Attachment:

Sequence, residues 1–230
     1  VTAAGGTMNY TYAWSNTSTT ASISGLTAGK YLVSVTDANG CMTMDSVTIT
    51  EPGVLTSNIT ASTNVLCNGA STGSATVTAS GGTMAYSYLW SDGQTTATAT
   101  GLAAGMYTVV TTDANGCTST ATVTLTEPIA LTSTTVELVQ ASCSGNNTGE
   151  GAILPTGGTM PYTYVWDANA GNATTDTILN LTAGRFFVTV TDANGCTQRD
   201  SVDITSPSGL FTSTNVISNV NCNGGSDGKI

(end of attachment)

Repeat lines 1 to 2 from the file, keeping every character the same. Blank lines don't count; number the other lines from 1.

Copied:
Sequence, residues 1–230
     1  VTAAGGTMNY TYAWSNTSTT ASISGLTAGK YLVSVTDANG CMTMDSVTIT